Don’t Build Expectations

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I took a young man for a “Lesson-and-Test” this afternoon – where we spent 45 minutes immediately prior to a Practical Driving Assessment running over any concerns the trainee might have with basic manoeuvres, high speed merging, etcetera. I had a distinct feeling the ‘test’ wasn’t going to go well when the young man wanted to clarify indicating through roundabouts, but put the question down to nerves. A Practical Driving Assessment produces enormous anxiety in those students susceptible to such feelings. As human beings, we do not like being assessed, and frankly, the Practical Driving Assessment is far from an objective, thorough means of assessing a driver’s ability to drive as opposed to being able mechanically move a car around on the road. There are a plethora of broad, sweeping categories against which a student can be assessed, the most important being Judgement. The ability to observe, assess and act upon any given set of circumstances in a safe, non-hazard causing manner. This afternoon’s Practical Driving Assessment failed on the basis of poor judgement. I won’t detail the circumstances, it would take too long and besides that, the young man deserves the right to privately review his performance free of any opinions from me.

What concerned me most was the young man’s reaction to having not succeeded, for a second time. I have my own opinions on his ability and I’ll keep them to myself. Suffice to say, he needs more time. Completing 100 hours of driving recorded in a logbook, accepted as valid by the Department of Transport and Main Roads, doesn’t automatically mean someone is ready for a Practical Driving Assessment. The element of mental preparedness plays an integral part in the entire process. I encourage my students to ask my opinion on their readiness. I promise them honest and open answers. If I don’t believe they’re ready, I’ll say so. I’ll tell them why, and explain what I think they need to focus on when practicing. Most important of all aspects of a Practical Driving Assessment is expectation. Never….and I mean NEVER create expectations for yourself based on self-belief without backing. Further, NEVER expect that you will be presented with a drama free, uncomplicated drive, after which the examiner will smile, tick all the right boxes and ask you to pop upstairs to complete the licensing process.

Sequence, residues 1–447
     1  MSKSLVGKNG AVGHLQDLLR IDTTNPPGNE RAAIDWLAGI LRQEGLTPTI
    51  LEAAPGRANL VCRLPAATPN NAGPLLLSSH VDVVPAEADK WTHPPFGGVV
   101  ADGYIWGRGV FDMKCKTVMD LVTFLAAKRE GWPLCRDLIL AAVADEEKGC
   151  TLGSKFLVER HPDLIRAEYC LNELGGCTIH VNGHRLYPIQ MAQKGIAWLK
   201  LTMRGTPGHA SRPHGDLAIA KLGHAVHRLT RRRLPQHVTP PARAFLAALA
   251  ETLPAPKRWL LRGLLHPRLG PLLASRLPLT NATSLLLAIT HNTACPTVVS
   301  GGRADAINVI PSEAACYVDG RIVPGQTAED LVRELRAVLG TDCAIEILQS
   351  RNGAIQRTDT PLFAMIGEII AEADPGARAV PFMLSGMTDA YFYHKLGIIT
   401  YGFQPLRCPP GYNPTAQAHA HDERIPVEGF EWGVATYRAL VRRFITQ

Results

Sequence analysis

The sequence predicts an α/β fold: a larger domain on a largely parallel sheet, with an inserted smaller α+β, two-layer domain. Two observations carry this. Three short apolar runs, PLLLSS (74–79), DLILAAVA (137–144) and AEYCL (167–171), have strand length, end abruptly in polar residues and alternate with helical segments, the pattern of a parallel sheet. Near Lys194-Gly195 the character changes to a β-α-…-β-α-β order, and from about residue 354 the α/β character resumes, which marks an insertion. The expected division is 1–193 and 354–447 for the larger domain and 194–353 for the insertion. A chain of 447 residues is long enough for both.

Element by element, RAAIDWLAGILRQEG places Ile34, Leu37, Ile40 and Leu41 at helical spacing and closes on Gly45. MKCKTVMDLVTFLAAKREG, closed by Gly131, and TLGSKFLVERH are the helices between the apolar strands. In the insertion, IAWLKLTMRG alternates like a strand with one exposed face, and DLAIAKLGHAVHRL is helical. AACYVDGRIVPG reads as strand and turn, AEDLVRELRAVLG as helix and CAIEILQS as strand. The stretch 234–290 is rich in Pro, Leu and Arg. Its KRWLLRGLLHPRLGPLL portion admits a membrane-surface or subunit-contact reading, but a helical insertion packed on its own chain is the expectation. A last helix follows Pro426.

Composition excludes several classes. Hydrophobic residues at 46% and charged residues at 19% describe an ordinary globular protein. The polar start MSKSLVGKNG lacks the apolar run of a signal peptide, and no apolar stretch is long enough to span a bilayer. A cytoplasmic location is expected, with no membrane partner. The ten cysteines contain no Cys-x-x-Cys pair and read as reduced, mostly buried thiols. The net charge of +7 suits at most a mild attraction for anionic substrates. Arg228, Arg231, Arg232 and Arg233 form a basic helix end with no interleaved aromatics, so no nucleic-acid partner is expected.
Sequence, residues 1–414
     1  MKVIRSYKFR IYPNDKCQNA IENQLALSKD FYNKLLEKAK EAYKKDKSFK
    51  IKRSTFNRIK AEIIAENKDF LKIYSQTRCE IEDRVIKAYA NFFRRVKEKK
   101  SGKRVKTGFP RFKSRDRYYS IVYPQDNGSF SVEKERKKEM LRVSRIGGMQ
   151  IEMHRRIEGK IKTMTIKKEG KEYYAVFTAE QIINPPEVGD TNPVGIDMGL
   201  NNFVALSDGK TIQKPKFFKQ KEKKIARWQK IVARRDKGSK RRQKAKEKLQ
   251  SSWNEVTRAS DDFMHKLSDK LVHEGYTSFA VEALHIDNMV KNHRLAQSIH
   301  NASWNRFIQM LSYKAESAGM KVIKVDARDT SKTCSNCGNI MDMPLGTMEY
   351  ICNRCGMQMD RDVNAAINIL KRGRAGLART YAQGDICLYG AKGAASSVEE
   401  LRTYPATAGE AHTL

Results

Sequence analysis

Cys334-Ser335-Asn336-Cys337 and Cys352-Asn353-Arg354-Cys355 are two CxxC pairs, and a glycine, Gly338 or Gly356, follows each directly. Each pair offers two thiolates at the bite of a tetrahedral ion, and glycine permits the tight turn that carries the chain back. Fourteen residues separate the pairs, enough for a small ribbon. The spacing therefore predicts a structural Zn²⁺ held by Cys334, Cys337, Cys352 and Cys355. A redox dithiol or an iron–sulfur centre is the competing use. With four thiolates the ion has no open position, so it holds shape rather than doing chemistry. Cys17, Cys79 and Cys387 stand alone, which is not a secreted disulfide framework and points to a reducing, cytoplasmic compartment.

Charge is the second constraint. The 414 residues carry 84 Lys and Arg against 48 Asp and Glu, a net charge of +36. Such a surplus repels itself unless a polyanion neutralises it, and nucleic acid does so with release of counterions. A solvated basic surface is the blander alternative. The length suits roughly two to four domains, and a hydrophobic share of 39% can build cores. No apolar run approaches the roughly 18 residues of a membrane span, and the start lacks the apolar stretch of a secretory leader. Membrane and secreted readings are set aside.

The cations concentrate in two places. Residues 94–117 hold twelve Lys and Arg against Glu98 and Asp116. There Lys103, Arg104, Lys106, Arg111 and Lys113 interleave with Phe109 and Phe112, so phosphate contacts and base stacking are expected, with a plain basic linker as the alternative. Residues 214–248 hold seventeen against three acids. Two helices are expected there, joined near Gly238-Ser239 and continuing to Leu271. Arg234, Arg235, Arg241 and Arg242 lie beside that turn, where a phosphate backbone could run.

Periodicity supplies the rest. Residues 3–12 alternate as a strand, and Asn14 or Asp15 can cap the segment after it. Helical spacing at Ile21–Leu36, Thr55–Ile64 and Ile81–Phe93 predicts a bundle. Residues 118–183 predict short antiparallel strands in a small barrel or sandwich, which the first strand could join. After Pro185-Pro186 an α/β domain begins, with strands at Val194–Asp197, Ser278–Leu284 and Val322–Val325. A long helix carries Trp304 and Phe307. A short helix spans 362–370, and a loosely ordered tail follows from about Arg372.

The young man this afternoon literally dissolved into wracking sobs of abject disappointment, frustration and rage entirely due to the fact that he’d planned on driving his girlfriend and sister to a camping holiday over the Easter weekend. Being unsuccessful, within a week of expiry of his three year Learner’s License, means he now has to renew that license before trying again. Three years is ample time for anyone who applies themselves to the task, to learn to drive. I quite often come across students who have held their license for two years, done nothing, grown older which seems to also raise anxieties about driving, then want to rush their 100 hour logbook process, resulting in a last moment lunge for license success, only to be disappointed. Achieving your ‘P’s’ is a Rite of Passage. An adult achievement, a peer group success marker – call it what you will – it’s important. Don’t treat the process as a fait accompli because all too often the expectations you build for yourself, can be irretrievably shattered with dangerously damaging psychological outcomes. My tips for learners would be:

  • Seek the advice of your instructor – it’s why we exist. If we’re any good at what we do, we’ll tell you honestly if you’re ready, or not;
  • Don’t believe for a moment that driving with Mum or Dad between home/school/work/the coast as a means of racking up 100 hours is sufficient. It’s not;
  • Get professional tuition. We instructors have been highly trained, hold State sanctioned recognition of our abilities, actually PAY a lot each year to retain that sanction, and genuinely care about your future driving ability and lifespan on our roads;
  • Never forget that a motor vehicle is a weapon that WILL kill you if you don’t treat it with respect. That includes not just the motor vehicle you drive, but all the others around you on the roads;
  • Make sure your driving experience involves as many different driving environments, times of day, weather conditions and traffic conditions as you can possibly manage before attempting a Practical Driving Assessment; and lastly
  • Don’t for a moment anticipate success. Anything worth having requires hard work and persistence. Take nothing for granted and if you are unsuccessful, take the feedback from the examiner with maturity and understanding because it is ALWAYS valuable. You can always try again, and you WILL be successful if you pay attention to the above points.

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